So what does it achieved? Well the shadow are much more crispier then before because the light frustum is much small and the scene is written to much larger area of the shadow map given the sampler better precision when choosing shadow values… but still the right most cube is missing its shadow because of the light frustum not enveloping the whole view frustum which I’m still not sure why.

So concluding from all of these I have 2 problems here:

1. Why the calculation of the bounding box of the light frustum not enveloping the view frustum exactly? (This is causing missing shadows)
2. What can I do when the clipping space of the view is somewhat large due to high range between near and far planes of the camera which is causing the light frustum to grow in size and capture the scene depth into the shadow map from much larger distance causing bad shadow resolution? I think the initial range of the static camera (`100.0`) is not so big value if I go less than that I wouldn’t be able to see much in the distance for bigger scenes… so what can be done since it doesn’t seems the problem of the technique but more of a resolution to how big is the view frustum (or no so that big?)

Ok realized one of my mistakes is here:
`return glm::ortho(min.x, max.x, min.y, max.y, min.z, max.z);`
Needs to be:
`return glm::ortho(min.x, max.x, min.y, max.y, -max.z, -min.z);`
because `max.z` is positive and in NDC the positive z axis is towards us so need to set it as the near plane flipped same for `min.z`.
Now I’m still remaining with the problem that the light frustum covering the whole view frustum is too big resulting in missing shadow due to low resolution of shadow map when writing z values of the scene from far away and a new problem I noticed is that that extra margin that needs to be added for when shadows are coming behind the view frustum is not always on the near side of the light frustum… for example here:

We need to add extra margin behind the view frustum to to blue face of the light frustum which is the right side of the light frustum not the near side. So how can I know which side needs to be padded with extra margin?

The one toward the light.

You define your light’s view frustum for rendering from the light’s perspective in the light’s eye-space (where light rays point down the -Z axis). In this space, define the light frustum’s left/right/bottom/top/far planes to encompass the bounds of the camera’s view frustum (**1). For the light near plane however, you in theory have to back this all the way back up to the light source (the sun or moon). In practice though, you only have to back this up to encompass the object closest to the light source that may cast shadows into your frustum, which is “significantly” less far (**2). This is your light-space view frustum.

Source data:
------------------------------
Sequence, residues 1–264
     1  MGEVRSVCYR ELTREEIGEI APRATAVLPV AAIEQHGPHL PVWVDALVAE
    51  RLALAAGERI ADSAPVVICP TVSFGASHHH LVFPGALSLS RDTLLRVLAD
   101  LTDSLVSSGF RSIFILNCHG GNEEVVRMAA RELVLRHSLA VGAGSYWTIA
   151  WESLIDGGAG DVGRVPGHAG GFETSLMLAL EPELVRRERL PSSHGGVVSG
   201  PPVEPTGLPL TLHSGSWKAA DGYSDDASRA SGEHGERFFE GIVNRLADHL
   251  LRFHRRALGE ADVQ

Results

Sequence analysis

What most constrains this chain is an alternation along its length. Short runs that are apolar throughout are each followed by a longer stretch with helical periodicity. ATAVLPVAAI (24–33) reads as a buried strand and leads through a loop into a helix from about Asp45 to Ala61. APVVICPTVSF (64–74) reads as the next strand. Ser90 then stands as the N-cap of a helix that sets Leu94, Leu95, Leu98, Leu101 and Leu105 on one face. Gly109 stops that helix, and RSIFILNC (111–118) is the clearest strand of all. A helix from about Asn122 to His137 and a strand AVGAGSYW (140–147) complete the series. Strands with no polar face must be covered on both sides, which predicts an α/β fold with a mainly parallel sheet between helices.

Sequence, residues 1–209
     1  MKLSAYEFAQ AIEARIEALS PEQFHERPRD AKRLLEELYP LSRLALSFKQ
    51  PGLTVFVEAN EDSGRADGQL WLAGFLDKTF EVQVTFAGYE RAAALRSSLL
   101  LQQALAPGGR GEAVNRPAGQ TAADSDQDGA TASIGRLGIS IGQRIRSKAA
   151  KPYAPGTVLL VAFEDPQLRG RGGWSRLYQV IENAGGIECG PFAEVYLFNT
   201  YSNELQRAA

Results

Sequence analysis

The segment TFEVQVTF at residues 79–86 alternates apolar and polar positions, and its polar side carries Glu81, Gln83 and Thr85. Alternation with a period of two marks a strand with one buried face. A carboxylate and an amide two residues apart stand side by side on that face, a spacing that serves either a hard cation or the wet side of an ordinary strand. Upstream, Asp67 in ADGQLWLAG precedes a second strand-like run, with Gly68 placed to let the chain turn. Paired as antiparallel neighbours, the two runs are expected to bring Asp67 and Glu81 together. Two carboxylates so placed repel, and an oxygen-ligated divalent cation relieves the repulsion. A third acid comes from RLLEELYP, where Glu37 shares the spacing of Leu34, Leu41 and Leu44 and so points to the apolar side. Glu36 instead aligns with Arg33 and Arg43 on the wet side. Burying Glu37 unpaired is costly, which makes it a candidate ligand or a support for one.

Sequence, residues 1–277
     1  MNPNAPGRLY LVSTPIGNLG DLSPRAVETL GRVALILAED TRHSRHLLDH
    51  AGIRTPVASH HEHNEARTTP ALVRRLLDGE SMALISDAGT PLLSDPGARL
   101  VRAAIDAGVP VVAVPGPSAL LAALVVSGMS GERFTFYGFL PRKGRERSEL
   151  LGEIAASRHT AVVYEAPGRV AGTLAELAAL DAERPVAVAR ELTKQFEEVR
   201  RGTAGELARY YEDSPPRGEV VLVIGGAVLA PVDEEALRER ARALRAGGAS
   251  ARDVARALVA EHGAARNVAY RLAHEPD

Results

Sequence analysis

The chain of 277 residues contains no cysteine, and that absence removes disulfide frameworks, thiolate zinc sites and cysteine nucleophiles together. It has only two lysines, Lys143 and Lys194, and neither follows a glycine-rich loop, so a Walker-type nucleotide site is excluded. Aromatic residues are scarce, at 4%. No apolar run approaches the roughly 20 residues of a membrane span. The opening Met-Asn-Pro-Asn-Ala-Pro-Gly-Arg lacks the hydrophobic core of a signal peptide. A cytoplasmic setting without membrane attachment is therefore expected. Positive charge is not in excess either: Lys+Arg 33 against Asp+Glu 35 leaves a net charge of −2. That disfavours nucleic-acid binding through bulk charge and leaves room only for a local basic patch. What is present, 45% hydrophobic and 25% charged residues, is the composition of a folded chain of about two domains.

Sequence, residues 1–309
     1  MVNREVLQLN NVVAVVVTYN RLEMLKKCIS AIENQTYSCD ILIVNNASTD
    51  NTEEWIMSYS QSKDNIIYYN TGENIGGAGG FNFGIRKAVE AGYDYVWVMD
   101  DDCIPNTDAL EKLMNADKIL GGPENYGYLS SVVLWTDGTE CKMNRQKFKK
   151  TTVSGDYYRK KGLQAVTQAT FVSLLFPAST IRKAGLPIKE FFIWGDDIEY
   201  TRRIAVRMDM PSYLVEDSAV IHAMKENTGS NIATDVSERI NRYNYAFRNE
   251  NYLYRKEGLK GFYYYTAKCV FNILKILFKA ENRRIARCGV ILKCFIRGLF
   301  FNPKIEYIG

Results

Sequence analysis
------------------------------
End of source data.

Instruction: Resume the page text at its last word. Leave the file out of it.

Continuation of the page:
You can use this to setup your viewing and ortho projection transforms when rendering the shadow map from the light’s perspective. You can also use this for light-space frustum clipping too (**3).

**2 For the case where the light source is away from the horizon, you’ll find that you often don’t have to go back very far. There usually aren’t many large, shadow-casting airborne objects that are that far off the ground. The worst case of course being when the light source is near the horizon, in which case you really have to put a cap on how far back toward the light source you go or you’ll pull in too much shadow-casting content. Some LOD may be needed here for good performance.

**3 It’s worth nothing that you can sometimes get even tighter culling results by culling to an 11-sided frustum instead of a 6-sided frustum. It’s just a few extra dot products per bsphere cull. While less important when rendering a single shadow map for the entire camera view frustum, this can yield big benefits when rendering shadow maps for camera view sub-frustums (aka splits or partitions), ala Cascaded Shadow Maps (aka Parallel-Split Shadow Maps). Again, just let me know if you want some references.

Is the magenta showing the actual view frustum, or just the far plane and the viewpoint?

I see thanks!
I’m not worrying about this “shadow edge crawling” yet since I didn’t implement animation, so one thing at a time for me I guess.
As for my second problem if I understand you correctly, the shadow map is covering too large area to get actual detail, and in my example since the sun is not in the horizon you suggest I can mitigate this problem by making the near and far planes of the light’s frustum closer? (Unless the sun is in the horizion - infront of the camera’s view frustum?)

Also would CSM help with this problem too?
Would love to get resources on this if so

Yes the magenta is the world space view frustum (in that case the static camera I’ve placed to debug all this)